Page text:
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Homework Help: Simple oscillation problem - help needed

  1. Jun 26, 2004 #1
    "An object is moving along the x-axis in simple harmonic motion. It starts from its equilibrium position which is at the origin at t=0 and is moving to the right. The amplitude of its motion is 2 m and its frequency is 3 hz. (1) Determine the expression for the objects displacement. (2) Where is the object located at t=1.0 s? (3) What is the maximum value of acceleration?

    For 1, using the the general SHM expression, I got x=(2 m) cos (6pi(t) + pi/2)

    But for (2), plugging in 1 sec., i get 2 m. After 1 sec, shouldn't the object be back at the origin?

    For (3), i would really appreciate a hint.

    regards
     
  2. jcsd
  3. Jun 26, 2004 #2

    HallsofIvy

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    Science Advisor

    The amplitude of motion is 2 so the 2 multiplying cosine is correct. The intial position is t=0, x= 0 so the pi/2 gives x(0)= 2*cos(pi/2)= 0 is correct (I would have been inclined to use sin() but probably the formula you were given just uses cos()). The frequency is 3 Hz= 3 cycles per second = 6pi radians per second: Okay, (6pi)t gives you that.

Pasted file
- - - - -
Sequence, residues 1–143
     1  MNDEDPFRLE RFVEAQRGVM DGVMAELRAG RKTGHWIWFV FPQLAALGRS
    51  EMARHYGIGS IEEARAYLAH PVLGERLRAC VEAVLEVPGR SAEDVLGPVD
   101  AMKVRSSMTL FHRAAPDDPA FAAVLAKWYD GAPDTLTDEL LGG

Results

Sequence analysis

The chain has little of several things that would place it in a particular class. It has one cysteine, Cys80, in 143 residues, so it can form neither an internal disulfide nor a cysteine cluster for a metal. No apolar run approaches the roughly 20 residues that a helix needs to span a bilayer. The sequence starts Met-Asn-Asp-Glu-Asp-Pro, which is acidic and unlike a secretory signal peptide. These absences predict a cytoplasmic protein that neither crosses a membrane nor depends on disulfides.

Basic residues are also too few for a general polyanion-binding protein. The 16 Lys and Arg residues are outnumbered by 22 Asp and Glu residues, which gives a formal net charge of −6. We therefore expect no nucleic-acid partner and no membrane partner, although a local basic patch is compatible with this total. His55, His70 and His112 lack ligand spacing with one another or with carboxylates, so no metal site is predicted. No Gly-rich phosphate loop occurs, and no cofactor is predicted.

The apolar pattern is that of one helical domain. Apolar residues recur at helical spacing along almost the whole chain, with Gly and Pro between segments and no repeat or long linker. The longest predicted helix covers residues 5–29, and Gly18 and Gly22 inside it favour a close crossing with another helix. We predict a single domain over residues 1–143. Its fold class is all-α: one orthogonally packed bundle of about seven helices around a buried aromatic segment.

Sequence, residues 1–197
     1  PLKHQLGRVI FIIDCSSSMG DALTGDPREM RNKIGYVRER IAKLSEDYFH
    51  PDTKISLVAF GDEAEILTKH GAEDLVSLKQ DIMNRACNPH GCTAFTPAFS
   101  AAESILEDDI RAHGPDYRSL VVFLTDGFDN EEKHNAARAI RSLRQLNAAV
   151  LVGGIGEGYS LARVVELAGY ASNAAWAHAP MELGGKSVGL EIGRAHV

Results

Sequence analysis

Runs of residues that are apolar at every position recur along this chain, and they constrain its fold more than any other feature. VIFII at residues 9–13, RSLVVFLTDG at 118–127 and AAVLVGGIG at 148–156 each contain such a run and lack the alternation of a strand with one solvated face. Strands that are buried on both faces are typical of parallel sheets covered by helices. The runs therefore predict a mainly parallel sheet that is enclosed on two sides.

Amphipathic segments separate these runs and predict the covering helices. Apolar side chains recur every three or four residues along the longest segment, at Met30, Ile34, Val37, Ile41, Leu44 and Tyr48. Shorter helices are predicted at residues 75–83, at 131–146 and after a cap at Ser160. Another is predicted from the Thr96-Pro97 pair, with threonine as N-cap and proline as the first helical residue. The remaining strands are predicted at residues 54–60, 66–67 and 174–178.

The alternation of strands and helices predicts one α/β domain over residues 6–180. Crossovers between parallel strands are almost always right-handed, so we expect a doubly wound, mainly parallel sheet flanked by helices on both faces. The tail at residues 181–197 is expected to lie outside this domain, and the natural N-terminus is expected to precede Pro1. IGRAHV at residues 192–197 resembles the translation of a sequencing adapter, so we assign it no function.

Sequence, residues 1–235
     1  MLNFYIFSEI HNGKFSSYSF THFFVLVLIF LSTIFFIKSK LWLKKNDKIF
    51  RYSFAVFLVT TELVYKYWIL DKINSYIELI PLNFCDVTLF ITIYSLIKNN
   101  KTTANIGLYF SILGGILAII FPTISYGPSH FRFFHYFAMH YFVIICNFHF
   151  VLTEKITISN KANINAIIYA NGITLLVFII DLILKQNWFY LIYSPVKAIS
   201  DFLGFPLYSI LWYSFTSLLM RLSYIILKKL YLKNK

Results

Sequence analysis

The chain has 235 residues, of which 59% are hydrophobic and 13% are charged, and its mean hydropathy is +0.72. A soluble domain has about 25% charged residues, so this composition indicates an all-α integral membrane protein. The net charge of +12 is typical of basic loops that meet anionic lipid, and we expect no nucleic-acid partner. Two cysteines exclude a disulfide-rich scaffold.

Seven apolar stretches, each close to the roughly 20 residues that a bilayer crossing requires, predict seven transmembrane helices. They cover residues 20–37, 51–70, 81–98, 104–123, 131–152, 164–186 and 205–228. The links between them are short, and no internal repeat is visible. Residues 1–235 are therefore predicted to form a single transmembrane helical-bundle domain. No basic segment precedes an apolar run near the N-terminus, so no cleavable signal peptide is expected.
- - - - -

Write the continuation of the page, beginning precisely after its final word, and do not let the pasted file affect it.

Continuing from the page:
Now, HOW did you get 2 m. by plugging in t= 1? 6pi(1)= pi/2= 13pi/2 and
    cos(13pi/2)= 0. Did you forget to add that pi/2?

    Since, as you correctly have, x= 2cos(6pi t+ pi/2), v= dx/dt= -12pi sin(6pi t+ pi/2) and a= dv/dt= -72pi2cos(6pi t+ pi/2). The maximum value of that is its amplitude: 72 pi2.
     
  4. Jun 26, 2004 #3
    Rereading my question, i noticed that i typed the wrong sign in the displacement equation. I meant to say x=(2 m) cos (6pi(t) - pi/2) ["minus" before pi/2]. This now gives 2 m with t = 0. Since the object is first moving to the right (positive), shouldn't the phase angle be -p/2?
     
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